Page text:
Second Year Hop Harvest

IMG_3856Yesterday, I harvested the hops from my five plants in the backyard. I did so while I was mashing for a harvest ale, which used all of those hops. I’ll cover the brew day tomorrow, today I’m just writing about the actual harvest.

I ended up netting just under a pound of hops. Last year I got a little over two ounces, which was not a surprise. You shouldn’t expect to get any hops your first year, I still tried to do a harvest ale last year, but it didn’t go well. I’ll cover that soon. Here is how this year’s harvest broke down:IMG_3852
Cascade – 1.7 ouncesIMG_3864
Centennial – 7.2 ouncesIMG_3871
Mount Hood 1.7 ouncesIMG_3865
Nugget – 4.3 ouncesIMG_3878
Willamette – Didn’t weigh, only a few cones

Now, keep in mind that these are wet weights. Brewing is normally done with dried hops. About eighty percent of the weight of these hops is water. So divide those numbers by five to figure out how they relate to the dried hops you buy at the homebrew store. This is enough for a five gallon batch of beer, but that is it.

Conventional wisdom is that by the third year, hops have reached full maturity and by then you should be getting as much production as you ever will. I’ve heard different things about how to predict how much that will. Double what you got the second year seems like a popular prediction. I would be very happy to get two pounds next year. If the Centennial really doubles, I’d probably use them all for one batch and the rest for a different batch.

Anyway, the actual harvest is easy, but more time consuming than I expected. If you’re trying to figure out when it is time to harvest, you will need to look at and squeeze the hop cones. The color should be getting darker, the tips even turning brown. Squeezing them, they should feel papery and less full and springy. You should be able to smell that great hop aroma and see yellow resin under the pedals.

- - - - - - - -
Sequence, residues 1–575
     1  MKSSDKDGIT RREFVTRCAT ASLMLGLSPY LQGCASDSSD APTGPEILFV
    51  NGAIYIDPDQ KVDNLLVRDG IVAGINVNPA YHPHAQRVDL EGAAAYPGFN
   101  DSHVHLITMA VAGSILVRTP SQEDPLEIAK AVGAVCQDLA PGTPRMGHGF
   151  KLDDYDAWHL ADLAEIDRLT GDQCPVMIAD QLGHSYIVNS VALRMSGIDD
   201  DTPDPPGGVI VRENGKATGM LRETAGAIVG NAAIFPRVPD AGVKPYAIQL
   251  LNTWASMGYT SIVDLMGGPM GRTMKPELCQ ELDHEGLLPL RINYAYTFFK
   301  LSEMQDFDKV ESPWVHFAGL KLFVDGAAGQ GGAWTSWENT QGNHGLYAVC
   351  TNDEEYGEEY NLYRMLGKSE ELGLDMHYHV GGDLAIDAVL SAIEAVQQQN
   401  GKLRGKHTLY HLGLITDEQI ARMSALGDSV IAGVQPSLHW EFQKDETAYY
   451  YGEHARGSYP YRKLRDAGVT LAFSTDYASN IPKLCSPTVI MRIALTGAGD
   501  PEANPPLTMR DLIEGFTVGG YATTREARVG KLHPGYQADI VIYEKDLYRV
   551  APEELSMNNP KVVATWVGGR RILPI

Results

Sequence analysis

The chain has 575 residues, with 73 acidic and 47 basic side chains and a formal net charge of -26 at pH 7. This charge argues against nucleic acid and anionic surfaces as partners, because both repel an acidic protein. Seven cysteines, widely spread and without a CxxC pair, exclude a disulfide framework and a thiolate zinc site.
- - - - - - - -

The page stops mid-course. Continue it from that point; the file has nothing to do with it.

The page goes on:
When you go to harvest them, they should pop right off. If they don’t want to come and jerk the bine around instead of popping loose, they are probably not ready. I think I harvested mine early last year. This year, they came off much easier.

I have not taken down the bines yet. I picked the cones with the bines still hanging. When I do cut them down, I’ll give them another once over to look for stragglers. If I find any I’ll throw them into a future batch, I doubt there will be enough to make any impact. It was tough to find all the cones because the bines are such a mess, though. Twine is not cutting it. it ripped and fell down continually. I will be installing a wooden trellis system before next year.

I’m very happy with the amount of hops I got this year. They smelled great while I was harvesting, hopefully that transfers to Moist, my harvest pale ale. Check back tomorrow for the recipe I used for this beer.

Oh, and as for the hops I planted at the cabin: I haven’t been there since Fourth of July weekend. My Dad was just there last weekend, I’m hoping he happened to see if there was anything there. Again, though I don’t expect any cones on the first year. If I can get some more Cascades next year to use in one of the Elkland Lagers, that would be awesome. Time will tell.







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